The ‘–gate’ suffix in ‘Gamergate’ signifies a ‘scandal’. Its use derives from the Watergate controversy that occurred in the United States during the early 1970s. Broadly, Watergate involved the administration of then U.S. President Richard Nixon engaging in illegal activities, abusing power and attempting to cover up these involvements (History.com, 2009). Since then, the ‘–gate’ suffix has been used in relation to a number of other political scandals to suggest extensive corruption, usually with the purpose of calling for a full investigation and disclosure (Maier, 2013). In this sense, masculine Gamergaters used the hashtag to protest against an alleged corruption in video game journalism, but also to denote their suspicion that feminists are attempting to sabotage the video game industry (Chess & Shaw, 2015, pp. 210).
There was ongoing evidence of self-identifying Gamergaters displaying an aggressive predisposition (including harassment) towards self-identifying feminists (Chess & Shaw, 2015, pp. 209–210). Among these feminists was popular video blogger, Anita Sarkeesian, whose blog Feminist Frequency has a considerable following of over 410,000 followers on Twitter (as of November 2015) (Twitter.com, 2015). On August 25, 2014, Sarkeesian published a new episode in her video blog series, ‘Tropes vs. Women in Video Games’. This episode, titled ‘Women as Background Decoration (Part 2)’, argued how objectified female bodies serve a dual role in video game media, as both a sexual plaything and a victim of male violence (Sarkeesian, 2014). The response this episode generated was divisive and, like Quinn, Sarkeesian recounted her experience of the online harassment it spawned, including rape and death threats (North, 2015). Sarkeesian added that her harassment was a result of speaking out against these sexist tropes, as well as against the misogynistic and anti-feminist tendencies held by the Gamergate public (Nott, 2014). A snapshot of the daily harassment directed at Anita Sarkeesian has been provided below. These comments were not published during the period in question (August 25–27, 2014), but according to Sarkeesian, they are representative of the messages that have been directed at her on a daily basis, since ‘Tropes vs. Women in Video Games’ began in 2012 (Sarkeesian, 2015). Sarkeesian (2015) recorded 156 abusive Twitter messages during the week of January 20–26, 2015. These tweets were directed at Sarkeesian’s Twitter handle, @femfreq. Based on similar Twitter research and tweet typologies (Awan, 2014, pp. 143; Zubiaga, et al, 2011, pp. 2462), this research has categorised Sarkeesian’s data into five types:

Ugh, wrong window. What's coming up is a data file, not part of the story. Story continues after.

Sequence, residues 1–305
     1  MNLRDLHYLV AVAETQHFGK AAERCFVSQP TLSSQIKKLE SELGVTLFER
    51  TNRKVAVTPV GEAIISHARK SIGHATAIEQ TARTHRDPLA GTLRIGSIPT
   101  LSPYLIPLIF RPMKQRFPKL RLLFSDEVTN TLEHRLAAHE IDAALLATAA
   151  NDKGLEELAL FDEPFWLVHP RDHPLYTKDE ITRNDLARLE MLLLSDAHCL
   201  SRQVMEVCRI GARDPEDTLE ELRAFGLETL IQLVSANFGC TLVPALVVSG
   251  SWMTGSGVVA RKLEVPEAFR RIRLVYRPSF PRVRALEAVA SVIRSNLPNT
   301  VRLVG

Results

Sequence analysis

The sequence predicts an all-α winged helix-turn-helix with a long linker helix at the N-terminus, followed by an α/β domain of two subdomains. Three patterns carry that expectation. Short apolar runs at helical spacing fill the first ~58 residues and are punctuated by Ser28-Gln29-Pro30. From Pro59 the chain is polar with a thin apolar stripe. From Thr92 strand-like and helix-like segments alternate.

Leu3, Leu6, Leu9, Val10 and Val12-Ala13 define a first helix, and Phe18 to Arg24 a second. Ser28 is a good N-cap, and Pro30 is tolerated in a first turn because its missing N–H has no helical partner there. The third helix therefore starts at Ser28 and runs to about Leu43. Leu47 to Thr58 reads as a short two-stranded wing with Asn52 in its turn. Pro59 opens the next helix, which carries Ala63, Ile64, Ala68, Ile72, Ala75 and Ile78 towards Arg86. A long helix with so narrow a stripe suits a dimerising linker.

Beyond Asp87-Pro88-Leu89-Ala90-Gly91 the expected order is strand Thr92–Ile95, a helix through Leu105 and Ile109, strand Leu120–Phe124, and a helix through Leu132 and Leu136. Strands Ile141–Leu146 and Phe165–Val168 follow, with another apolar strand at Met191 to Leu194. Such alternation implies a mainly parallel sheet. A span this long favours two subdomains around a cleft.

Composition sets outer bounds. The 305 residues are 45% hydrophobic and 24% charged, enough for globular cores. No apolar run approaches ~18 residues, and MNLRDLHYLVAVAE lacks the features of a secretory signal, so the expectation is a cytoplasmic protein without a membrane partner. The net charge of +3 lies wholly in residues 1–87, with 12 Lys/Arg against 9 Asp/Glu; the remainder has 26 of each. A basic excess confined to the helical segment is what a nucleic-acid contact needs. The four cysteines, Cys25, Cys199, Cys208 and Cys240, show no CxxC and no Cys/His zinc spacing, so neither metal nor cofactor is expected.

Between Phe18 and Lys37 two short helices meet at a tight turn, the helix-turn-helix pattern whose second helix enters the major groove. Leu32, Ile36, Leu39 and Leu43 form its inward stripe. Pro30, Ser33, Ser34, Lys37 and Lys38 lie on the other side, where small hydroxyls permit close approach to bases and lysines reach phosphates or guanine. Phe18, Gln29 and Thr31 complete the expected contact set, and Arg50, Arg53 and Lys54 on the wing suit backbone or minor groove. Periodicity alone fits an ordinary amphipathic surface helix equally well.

“@femfreq I hope every feminist has their head severed from their shoulders.”
[1 favourite; 8:40 PM – 20 Jan 2015]
|Reluctance to accept gender equality and diversity in video games||imDLXE @imDLXE|
“@femfreq dumb bitch, your going to ruin the gaming community for millions of people we hope your happy”
[7:54 AM – 21 Jan 2015]
|Rape threats||Stache=^] @staache|
“im going to come to your house and violently rape you in front of your family @femfreq”
[1 retweet; 1 favourite; 10:45 AM – 25 Jan 2015]
|Death threats||MetalGear_Snake @teraberserker22|
“@femfreq Hope she dies really soon, if not soon enough, then I’ll kill her.”
[1 retweet; 5:21 PM – 23 Jan 2015]
|Defending misogyny as part of video game culture||Marc xStazza @Squad7_|
“@femfreq Death threats and rape threats are in the culture of gaming… Have you ever played an Online game? Get used to it..”
[9:24PM – 21 Jan 2015]
Figure 2. A typology of tweets directed at Anita Sarkeesian’s Twitter account (@femfreq) between January 20–26, 2015 (Sarkeesian, 2015).
The aggressive harassment and threats of violence drove Sarkeesian out of her home on August 26, 2014 (Campbell, 2014). The abusive Twitter messages that surfaced in response to Sarkeesian’s video have since been reported and removed from Twitter’s servers.
These misogynistic practices represent a style of communication that is sometimes associated with the Gamergate public (Hern, 2014; Nott, 2014; Wingfield, 2014; Chess & Shaw, 2015, pp. 210), but the aim of this research project is not to psychoanalyse this particular demographic. Rather, this thesis is concerned with the function of discourse in Gamergate as an event of social mediation – or in other words, whether the Gamergate public’s antisocial practices have transformed over the course of the controversy, and what conditions have facilitated the character of this change.
2.2 The ‘death of the gamer’
Possible motivations for this aggressive messaging became a key topic for commentary that shaped the discourse in circulation. A number of articles critical of the ‘gamer’ identity worked to make a connection between the personal practices of individual ‘gamers’ and the masculine and aggressive culture of gaming that fostered and valorised such practices. Gamasutra journalist Leigh Alexander (2014) instigated this commentary on August 28, 2014 in her article titled “‘Gamers’ don’t have to be your audience. ‘Gamers’ are over.” Her argument condemned the general reputation of ‘gamers’ through the eyes of the mainstream media, as a reflection of their online behaviours: